My kids are teens and up, so grateful to have family to help when they were little. No way we could afford it otherwise. How do parents get by with paying so much these days? 🙁

  7. Robyn

    I pay $10 an hour for my sitters to watch my 8 year old. For two children I would say $15. Infants or special needs I would say $20.

  8. Jen

    I pay my teens $20/hr to babysit their high needs brother. They’d watch him for less but $20 means they’re all chomping at the bit to babysit him so I’ve always got a sitter. Moral of the story is bribes work.

    • Julie

      You have to pay your own kids like a bribe to babysit your other kid?

  9. Tricia

    I just don’t understand how babysitters, baristas, Target cashiers are making so much more than most first responders. Sad.

    • mary

      This was just featured on CBS – makes me wonder, why do 1st responders, particularily in FL, receive dirt poor wages? Or fire fighters in California?

      • Tricia

        Yup. We are in FL. My husband has been an EMT 11 years and is making $13 an hr. He’s considering becoming a babysitter lol. It’s not only sad, it’s scary…if they all leave due to such poor pay, so many people will suffer.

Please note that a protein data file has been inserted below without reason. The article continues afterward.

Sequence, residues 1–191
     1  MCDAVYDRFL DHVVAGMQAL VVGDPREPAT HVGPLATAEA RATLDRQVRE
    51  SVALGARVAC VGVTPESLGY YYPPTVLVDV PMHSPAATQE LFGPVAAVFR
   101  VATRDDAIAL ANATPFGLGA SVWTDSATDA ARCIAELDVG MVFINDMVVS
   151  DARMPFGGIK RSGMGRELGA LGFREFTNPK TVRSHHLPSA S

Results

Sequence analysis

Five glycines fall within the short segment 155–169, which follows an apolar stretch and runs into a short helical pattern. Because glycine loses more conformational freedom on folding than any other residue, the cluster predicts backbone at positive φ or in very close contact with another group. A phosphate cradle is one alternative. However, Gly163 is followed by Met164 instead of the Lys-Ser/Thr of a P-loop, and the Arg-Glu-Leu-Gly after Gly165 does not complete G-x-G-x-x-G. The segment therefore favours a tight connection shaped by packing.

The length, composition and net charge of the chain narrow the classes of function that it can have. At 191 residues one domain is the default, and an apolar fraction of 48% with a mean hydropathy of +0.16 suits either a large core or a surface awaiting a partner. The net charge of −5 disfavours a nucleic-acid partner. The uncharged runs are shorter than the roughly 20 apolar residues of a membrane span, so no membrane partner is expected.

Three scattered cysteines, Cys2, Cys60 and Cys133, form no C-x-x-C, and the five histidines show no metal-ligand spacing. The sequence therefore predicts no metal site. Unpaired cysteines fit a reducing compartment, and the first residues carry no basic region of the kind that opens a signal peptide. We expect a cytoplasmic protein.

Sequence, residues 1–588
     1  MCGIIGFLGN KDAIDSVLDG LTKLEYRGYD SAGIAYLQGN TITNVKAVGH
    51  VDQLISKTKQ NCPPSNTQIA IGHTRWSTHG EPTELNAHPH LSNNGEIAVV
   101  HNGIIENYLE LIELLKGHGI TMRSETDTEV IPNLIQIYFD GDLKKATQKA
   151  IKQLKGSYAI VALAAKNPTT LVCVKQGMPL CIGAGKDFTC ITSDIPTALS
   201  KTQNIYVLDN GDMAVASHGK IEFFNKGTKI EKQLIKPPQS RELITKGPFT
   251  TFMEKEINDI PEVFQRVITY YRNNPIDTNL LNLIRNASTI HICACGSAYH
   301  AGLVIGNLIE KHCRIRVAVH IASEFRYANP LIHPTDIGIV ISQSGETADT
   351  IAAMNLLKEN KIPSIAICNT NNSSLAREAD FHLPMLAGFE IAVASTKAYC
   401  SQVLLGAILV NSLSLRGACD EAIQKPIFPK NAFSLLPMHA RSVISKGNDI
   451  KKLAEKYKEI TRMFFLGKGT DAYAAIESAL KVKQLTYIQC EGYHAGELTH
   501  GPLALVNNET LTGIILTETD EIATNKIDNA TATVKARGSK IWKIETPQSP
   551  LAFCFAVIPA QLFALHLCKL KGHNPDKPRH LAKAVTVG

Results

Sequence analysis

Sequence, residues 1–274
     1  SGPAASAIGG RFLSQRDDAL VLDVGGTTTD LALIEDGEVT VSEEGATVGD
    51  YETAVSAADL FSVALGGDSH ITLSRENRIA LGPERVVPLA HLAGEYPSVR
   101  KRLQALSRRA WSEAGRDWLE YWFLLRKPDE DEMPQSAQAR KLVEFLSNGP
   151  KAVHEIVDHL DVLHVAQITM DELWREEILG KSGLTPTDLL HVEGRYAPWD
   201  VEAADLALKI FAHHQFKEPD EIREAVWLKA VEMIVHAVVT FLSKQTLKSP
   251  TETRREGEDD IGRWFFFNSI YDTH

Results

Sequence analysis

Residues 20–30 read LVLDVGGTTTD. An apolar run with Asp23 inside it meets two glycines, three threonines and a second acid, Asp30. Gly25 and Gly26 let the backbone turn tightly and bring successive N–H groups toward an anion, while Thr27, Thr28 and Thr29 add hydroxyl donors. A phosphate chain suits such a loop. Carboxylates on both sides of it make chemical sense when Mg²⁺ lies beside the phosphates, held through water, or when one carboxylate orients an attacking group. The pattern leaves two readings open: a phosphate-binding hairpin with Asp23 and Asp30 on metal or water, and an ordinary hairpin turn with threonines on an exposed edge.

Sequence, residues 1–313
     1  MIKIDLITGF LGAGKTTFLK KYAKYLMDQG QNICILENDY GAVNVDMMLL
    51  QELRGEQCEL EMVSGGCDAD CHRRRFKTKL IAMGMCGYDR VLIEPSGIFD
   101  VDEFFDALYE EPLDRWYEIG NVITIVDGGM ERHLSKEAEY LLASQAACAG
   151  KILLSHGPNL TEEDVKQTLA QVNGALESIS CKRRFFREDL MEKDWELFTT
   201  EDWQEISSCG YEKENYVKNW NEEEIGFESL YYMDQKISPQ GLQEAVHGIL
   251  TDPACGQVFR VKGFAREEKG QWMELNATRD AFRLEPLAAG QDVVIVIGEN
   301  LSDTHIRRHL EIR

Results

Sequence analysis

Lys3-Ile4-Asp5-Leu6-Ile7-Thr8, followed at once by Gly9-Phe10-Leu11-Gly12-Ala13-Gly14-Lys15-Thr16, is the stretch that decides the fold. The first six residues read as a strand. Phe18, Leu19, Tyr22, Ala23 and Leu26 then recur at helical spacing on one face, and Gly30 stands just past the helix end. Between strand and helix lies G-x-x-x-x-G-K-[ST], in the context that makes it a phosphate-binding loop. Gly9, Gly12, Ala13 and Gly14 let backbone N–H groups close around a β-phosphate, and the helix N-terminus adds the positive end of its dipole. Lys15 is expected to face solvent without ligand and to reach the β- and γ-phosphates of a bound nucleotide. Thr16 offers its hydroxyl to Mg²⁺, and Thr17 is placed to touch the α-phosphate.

10. Sarah

    I pay $150 a day (cash) – she watches our kids ages 8, 6 and 3. Good care costs money and while I wish I didn’t have to fork over close to $15K a year, she is great with our kids, cares for them when they are sick, and really engages & plays with them.

  11. Susan

    I live in Atlanta – I am 52 and charge $25 an hour (up to 3 kids) and come to you. Its $5 more an hour per extra child. After 10 hours (Hours 11-24) the rate drops to $20. We swim, play board games, crafts, cook, dress up, etc. We go to putt-putt or the spray park or geo catching. We don’t sit inside all day.

  12. Sandy

    That seems like too much. That’s almost as much as teachers make. Why should kids with no experience make that much? Do they kids at least have cpr/first aid & blood born pathogen training?

    • Susan

      Remember I don’t get benefits, no one is paying into SS for me, no paid holidays and the work is sporadic. Last time I checked teachers had benefits, retirement, SS, paid holidays, sick days, a union (in most cases) and a check EVERY week.

    • Marissa

      You can pay a babysitter whatever you want just negotiate in advance. They may have standards rates they expect. Also if you don’t pay enough then they would rather do their own thing, you are paying for their time. 20 years ago when I babysat as a teen I was paid $10-15 an hour. On holidays and times it was closer to $20, or some would offer a flat rate of $100/150. It was always negotiated up front. I was never expected to do any additional chores, but would typically pick up the house to the best of my ability and help where I could. I hated just watching tv.